American ideal: What we were told, what we learned, why we vote

Maryland holds its first day of early voting for the midterms.

As Election Day 2018 approaches, I speak for my generation, the baby boomers, the 70 million or so Americans who were born between 1946 and 1964. Until the millennials catch us some time next year, we still constitute the largest generation in the U.S. electorate.

While it’s critical that millennials vote and start taking positions of power, it’s just as important that baby boomers pass on what we learned — fundamental and even noble beliefs that form the American ideal.


I don’t assume this was done in every household or history class. So, just in case no one from my generation ever stated what this all means — what our shared values are, and what we should vote for — I will do it here. Election Day is the right time for this reflection, especially this year, when there’s a lot of confusion and conflict about what Americans supposedly want from the people they elect to office.

In which our columnist suggests 10 ways good citizens can become great ones.

And I hope this serves as a reminder to my fellow boomers: There is an American ideal. We once knew it well. We grew up with it. We should keep it in mind as we head to the polls.

  • The U.S. is the greatest country in the world because it saved the world from tyranny and further holocaust by getting into World War II. Aside from George Washington never telling a lie, this is the first thing baby boomers learned about their country. Americans sacrificed their lives to liberate countries in distant parts of the globe.
  • Victories in Europe and the Pacific affirmed not only our military-industrial might but our generosity. We helped nations rebuild. We formed alliances to keep the peace and bring prosperity to western democracies like ours. We considered those alliances sacred, and presidents honored them through the Cold War and beyond.
  • The U.S. is a great melting pot, a nation of immigrants and their descendants, and this is something to be celebrated, not feared. Aside from the native Americans, everyone started elsewhere. We were taught that diversity enriched our society and that the U.S. was stronger because of the hard work and yearning of the poor who came here to pursue better lives.
  • We learned that the U.S. was not perfect, its colonial history particularly brutal. From its birth, it allowed people to be enslaved; it went to war over abolition.
  • We were taught that Abraham Lincoln was our greatest president because he had freed the slaves, preserved the union and hoped to heal a bitterly divided nation. Lincoln affirmed the ideals of America — freedom, justice, equality for all — and the personal ideals of honesty, integrity, command of facts, common sense and service to a greater good. When we vote for any candidate today, we should keep Lincoln in mind.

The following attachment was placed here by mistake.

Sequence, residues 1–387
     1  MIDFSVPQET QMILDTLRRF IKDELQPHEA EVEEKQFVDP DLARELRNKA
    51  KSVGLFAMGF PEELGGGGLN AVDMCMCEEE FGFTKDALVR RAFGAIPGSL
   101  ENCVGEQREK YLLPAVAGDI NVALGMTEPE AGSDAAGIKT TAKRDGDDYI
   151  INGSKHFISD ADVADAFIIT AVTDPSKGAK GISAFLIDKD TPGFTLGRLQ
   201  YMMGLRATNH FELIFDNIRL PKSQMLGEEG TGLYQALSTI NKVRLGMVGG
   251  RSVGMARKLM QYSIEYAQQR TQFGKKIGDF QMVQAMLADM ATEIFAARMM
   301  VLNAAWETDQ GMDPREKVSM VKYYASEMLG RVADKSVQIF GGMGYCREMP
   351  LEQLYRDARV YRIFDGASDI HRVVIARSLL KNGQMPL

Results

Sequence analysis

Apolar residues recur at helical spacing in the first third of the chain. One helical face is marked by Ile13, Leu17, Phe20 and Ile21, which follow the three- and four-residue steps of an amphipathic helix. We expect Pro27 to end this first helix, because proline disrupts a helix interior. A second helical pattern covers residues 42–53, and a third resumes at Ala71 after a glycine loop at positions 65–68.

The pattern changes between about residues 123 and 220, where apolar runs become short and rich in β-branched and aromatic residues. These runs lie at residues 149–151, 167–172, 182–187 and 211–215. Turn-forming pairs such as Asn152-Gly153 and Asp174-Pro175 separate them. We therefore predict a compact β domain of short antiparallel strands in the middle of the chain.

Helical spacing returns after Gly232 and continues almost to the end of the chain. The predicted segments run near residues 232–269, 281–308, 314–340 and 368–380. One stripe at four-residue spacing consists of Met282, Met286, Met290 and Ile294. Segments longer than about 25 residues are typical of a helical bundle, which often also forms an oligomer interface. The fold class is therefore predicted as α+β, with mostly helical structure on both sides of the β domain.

• The Civil War did not “bind up the nation’s wounds,” as Lincoln had hoped. A century later, the country still suffered from the bigotry and racial hatred that doomed Reconstruction and brought on Jim Crow. Baby boomers were told that the old ways had to go, that segregation and discrimination based on race, gender, religion or ethnicity was wrong. “All men are created equal,” it says in the Declaration of Independence, and we should never tolerate — certainly never vote for — the man or woman who foments bigotry or stokes fears. That’s not political correctness. That’s basic humanity.
  • We lived through the Vietnam War and Watergate. Many Americans became disillusioned with politicians and government. It’s possible we’ve never fully recovered. The distrust and cynicism that developed back then lingered. Some people reached elected office by exploiting a jaundiced view of government when what we needed was a restoration of trust that it could serve us efficiently and honestly, free from special interests. We should still pursue that ideal.
  • We learned that Franklin Delano Roosevelt was one of our greatest presidents because he steered the nation through the Great Depression and created a system for taking care of our elderly and our poor, affirming a rich nation’s conscience, its generosity and its belief in the common good. Roosevelt challenged the corporate elites and believed our wealth should be measured by how many of us share in the nation’s prosperity. He warned against fearing fear and described a conservative as “a man with two perfectly good legs who never learned how to walk forward.” Today that would be read as political ridicule, when what FDR wanted was a nation that, even in dark times, could keep its eye on the American ideal.
  • We should reject politicians, even the ones we like, if they lie or suggest regressive policies. We should vote for bright, educated, truth-seeking, high-minded candidates. We should always give idealism a chance.
  • It’s a big, noisy country. We will never have full consensus on every issue. But, unless we remember and keep faith in the American ideal and vote for leaders who embrace it, that ideal will crumble into nothing.

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